Figures just in from the Semiconductor Industry Association show that chip sales grew 37 percent from a year ago to $25.2 billion. But while this would appear to be good news, the monthly gain was just 1.2 percent above June sales of $24.9 billion which indicates that things are starting to slow down.
So far this year sales are $169.2 billion, up 46.7 percent from $115.3 billion in the first seven months of 2009. In June, sales were up 47 percent from a year ago.
SIA President Brian Toohey said that while the rest of the economy was slowing down the continued proliferation of semiconductors into a broad range of products has enabled the industry to keep getting bigger. He added, “Although recent public statements from a number of major manufacturers have emphasized limited visibility for the near-term, we continue to expect that industry growth for 2010 will be in line with our mid-year forecast of 28.4 percent.” Intel last week announced a downward forecast, which was lower than analysts and the company had expected.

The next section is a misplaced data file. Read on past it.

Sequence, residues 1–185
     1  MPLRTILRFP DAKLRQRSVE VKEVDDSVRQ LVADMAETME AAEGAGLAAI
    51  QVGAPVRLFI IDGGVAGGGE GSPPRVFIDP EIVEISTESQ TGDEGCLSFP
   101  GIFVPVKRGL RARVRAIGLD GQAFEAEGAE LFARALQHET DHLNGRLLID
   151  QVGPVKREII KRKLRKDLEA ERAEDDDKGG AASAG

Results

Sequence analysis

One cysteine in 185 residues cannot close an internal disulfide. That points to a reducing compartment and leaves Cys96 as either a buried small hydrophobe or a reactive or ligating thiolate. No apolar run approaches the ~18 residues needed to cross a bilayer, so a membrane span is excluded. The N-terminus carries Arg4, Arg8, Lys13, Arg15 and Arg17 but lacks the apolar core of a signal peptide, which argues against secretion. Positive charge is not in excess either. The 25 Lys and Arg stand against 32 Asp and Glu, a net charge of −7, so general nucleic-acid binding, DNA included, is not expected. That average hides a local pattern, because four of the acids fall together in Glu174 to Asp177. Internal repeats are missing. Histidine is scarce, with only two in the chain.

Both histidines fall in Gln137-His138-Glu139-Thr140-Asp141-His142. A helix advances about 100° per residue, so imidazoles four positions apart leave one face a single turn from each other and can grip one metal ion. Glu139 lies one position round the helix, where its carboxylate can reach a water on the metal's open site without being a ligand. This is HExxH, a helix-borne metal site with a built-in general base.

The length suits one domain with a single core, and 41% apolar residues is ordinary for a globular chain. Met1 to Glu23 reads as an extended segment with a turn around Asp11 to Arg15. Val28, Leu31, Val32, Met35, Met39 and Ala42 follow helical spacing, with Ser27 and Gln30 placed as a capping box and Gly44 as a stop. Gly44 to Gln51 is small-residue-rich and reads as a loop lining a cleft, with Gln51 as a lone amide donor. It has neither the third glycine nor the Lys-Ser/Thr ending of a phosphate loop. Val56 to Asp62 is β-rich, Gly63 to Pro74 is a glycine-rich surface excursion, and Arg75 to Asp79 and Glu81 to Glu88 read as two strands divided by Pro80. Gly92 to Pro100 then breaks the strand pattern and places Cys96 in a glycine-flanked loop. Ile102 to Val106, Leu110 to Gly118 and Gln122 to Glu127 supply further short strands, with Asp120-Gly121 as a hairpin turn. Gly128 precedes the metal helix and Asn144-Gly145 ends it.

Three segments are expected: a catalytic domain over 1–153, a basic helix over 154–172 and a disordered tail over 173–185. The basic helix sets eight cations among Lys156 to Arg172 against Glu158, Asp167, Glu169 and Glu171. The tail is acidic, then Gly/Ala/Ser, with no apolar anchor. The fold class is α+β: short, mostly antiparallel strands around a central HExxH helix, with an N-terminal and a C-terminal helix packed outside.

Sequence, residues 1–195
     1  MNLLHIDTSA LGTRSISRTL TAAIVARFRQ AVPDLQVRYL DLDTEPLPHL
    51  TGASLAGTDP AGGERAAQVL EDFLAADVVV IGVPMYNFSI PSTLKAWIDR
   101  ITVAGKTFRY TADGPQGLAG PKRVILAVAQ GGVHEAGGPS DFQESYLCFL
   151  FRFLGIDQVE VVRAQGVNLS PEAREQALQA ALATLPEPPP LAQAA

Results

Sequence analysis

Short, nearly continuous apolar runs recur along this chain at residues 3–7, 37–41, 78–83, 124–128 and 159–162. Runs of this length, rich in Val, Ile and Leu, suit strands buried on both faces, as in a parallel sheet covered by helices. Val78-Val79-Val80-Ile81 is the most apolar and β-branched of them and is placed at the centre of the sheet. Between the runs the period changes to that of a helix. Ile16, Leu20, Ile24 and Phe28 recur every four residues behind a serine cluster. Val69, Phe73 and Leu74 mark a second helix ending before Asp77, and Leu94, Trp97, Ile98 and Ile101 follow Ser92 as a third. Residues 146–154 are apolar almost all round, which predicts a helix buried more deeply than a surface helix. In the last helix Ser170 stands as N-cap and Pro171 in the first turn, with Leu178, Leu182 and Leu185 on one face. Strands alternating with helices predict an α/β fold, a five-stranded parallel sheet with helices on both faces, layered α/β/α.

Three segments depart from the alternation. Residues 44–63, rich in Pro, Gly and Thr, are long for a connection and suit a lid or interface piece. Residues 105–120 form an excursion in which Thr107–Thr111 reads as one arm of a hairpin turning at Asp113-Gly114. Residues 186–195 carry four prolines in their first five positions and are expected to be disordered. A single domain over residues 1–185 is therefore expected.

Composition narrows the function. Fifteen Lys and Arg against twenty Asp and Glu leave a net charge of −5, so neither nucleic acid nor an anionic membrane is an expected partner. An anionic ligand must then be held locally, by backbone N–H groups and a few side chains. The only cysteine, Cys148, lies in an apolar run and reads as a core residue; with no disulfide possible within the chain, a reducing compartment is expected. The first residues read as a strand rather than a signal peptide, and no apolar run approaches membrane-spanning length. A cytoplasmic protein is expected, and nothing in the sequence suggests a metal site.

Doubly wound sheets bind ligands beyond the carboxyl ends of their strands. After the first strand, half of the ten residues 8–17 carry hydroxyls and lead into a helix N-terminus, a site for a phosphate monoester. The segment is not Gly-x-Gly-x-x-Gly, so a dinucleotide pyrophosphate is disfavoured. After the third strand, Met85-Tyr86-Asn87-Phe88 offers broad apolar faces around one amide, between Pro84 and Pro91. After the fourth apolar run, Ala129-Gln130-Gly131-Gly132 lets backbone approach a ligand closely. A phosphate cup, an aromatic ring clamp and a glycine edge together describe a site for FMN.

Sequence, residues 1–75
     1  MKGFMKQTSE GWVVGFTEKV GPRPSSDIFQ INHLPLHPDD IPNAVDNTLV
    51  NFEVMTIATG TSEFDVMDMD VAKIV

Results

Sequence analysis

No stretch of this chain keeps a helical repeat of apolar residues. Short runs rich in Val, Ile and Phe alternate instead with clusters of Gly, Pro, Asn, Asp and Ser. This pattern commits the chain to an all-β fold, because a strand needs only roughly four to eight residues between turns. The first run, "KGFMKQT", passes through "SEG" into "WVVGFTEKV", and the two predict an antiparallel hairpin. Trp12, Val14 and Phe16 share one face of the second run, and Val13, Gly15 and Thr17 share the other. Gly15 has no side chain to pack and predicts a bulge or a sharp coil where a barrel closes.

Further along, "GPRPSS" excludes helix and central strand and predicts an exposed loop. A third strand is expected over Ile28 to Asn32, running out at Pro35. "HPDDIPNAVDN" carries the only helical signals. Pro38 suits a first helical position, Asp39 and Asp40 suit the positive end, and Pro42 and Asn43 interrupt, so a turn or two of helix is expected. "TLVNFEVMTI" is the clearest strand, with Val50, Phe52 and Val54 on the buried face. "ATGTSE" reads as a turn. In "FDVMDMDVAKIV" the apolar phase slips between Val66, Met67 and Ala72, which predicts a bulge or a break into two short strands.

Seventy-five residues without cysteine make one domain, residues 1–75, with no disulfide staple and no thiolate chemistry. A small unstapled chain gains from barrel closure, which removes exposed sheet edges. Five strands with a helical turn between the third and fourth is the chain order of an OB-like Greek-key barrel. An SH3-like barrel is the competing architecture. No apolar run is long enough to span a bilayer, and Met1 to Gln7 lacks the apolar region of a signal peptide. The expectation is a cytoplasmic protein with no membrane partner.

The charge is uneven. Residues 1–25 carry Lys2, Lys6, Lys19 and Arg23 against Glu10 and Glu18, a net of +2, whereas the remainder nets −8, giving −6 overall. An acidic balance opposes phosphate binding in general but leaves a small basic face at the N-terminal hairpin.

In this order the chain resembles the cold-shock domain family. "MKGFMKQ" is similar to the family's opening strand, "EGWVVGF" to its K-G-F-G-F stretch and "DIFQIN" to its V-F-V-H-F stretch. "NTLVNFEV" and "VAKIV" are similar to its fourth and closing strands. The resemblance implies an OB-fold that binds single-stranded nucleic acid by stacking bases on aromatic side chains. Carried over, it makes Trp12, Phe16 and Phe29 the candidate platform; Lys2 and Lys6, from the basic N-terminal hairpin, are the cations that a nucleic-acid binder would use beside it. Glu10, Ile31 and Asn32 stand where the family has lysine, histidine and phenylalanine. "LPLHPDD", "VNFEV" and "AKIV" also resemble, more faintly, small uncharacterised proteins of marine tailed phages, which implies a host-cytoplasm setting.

So what Toohey is telling us is that the growth of the first half of the year will be followed by a slow down in the second half. Comparing figures to last year was preety pointless because the world economy was down the loo for most of the year.
Economists outside the tech industry see semiconductor sales as a bellweather for the global economy, however in this case it is starting to look like the industry can make a bob or two while the rest of the world is not having a good time.